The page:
Some ways that the human resource team spearheads performance management across the organization include:
- Training and development: HR leaders help develop employee training programs to equip staffers with the knowledge and skills they need to succeed. They also get involved in career development, by establishing pathways for team members to upskill or connect with mentors.
- Performance reviews: HR usually creates and oversees the performance review process. This may include evaluation forms, feedback documentation, and meetings between employees and managers.
- Succession planning: Human resources will work with managers to find and develop the next generation of company leadership and mid-managers. They help make sure that teams have continuity and high-level expertise even when employees move on or get promoted.
- Performance improvement: If an employee is struggling to meet expectations, HR will step in and help. They’ll look for solutions that everyone can feel comfortable with, such as additional training or reassigning tasks to better suit the employee’s strengths.
- Recognition: HR also looks for ways to recognize employees who have been especially successful. Whether it’s offering bonuses or shouting out team members for their accomplishments, HR plays an important role in creating a culture of positivity and recognition.
Carry Out Key HR Functions With a Standout Wellness Package
While employee benefits only cover one responsibility of an HR manager, they impact on other human resource functions. Your benefits package can boost your employer brand to help with recruitment and acquisition. It can keep current employees engaged to help with retention efforts. And the benefits you offer can impact the health and wellbeing of your workforce, helping them stay fit and rested so they can perform at their best.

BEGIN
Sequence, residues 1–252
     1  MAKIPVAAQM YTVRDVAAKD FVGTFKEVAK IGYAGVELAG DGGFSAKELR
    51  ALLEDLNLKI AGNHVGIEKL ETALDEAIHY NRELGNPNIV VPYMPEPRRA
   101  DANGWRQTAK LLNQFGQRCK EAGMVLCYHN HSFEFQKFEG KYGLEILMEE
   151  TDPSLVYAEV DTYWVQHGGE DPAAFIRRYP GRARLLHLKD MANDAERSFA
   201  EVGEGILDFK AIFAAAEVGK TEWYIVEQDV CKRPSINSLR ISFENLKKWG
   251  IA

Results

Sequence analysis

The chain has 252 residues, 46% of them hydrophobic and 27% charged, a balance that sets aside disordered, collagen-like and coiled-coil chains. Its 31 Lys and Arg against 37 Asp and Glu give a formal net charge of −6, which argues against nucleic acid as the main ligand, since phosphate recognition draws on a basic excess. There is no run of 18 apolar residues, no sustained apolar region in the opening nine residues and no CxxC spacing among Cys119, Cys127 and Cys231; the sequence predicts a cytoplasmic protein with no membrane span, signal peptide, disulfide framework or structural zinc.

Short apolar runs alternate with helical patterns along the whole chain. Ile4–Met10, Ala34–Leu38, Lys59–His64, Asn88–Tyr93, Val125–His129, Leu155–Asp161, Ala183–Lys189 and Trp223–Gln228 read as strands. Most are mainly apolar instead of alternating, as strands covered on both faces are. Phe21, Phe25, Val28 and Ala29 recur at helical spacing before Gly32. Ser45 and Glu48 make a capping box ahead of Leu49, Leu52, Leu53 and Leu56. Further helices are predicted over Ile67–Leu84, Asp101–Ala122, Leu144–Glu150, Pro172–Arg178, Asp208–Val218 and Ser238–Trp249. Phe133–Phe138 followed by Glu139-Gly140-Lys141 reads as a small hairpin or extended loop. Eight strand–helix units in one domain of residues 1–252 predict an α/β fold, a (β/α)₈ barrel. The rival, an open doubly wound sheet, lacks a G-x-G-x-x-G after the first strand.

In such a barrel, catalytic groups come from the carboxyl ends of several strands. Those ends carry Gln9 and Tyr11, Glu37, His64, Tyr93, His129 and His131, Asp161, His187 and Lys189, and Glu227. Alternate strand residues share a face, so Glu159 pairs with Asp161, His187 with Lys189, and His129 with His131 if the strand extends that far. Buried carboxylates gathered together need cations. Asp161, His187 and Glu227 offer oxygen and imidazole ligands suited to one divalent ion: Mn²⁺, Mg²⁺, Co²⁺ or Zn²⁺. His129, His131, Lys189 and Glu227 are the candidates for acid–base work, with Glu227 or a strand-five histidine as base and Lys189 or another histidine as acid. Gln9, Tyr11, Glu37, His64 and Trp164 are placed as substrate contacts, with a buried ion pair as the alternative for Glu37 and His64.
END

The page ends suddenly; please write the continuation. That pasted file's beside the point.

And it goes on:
Talk to one of our wellbeing specialists today to find out about how you can enhance your wellness program to deliver on the core functions of the HR department!
- 40+ Stats For Companies to Keep In Mind for 2021. Glassdoor. (2021.) Retrieved February 8, 2023 from https://www.glassdoor.com/employers/resources/hr-and-recruiting-stats/
- Employee Benefits Study: The Cost and Value of Employee Perks. Fractl. (2020.) Retrieved February 8, 2023 from https://www.frac.tl/employee-benefits-study/
- Employee Relations. HR Glossary. BambooHR. Retrieved February 8, 2023 from https://www.bamboohr.com/resources/hr-glossary/employee-relations
- Engaging in Succession Planning. Society for Human Resource Management. Retrieved February 8, 2023 from https://www.shrm.org/resourcesandtools/tools-and-samples/toolkits/pages/engaginginsuccessionplanning.aspx
- Baragwanath, Tom. The Ultimate Guide to Starting a Successful Employee Training Program. 360Learning. Retrieved February 8, 2023 from https://360learning.com/blog/ultimate-guide-employee-training-program/
- Patterson, Lora. (April 8, 2022.) When should HR step in for conflict resolution? HR Dive. Retrieved February 8, 2023 from https://www.hrdive.com/news/when-should-hr-step-in-for-conflict-resolution/621545/
The Gympass Editorial Team empowers HR leaders to support worker wellbeing. Our original research, trend analyses, and helpful how-tos provide the tools they need to improve workforce wellness in today's fast-shifting professional landscape.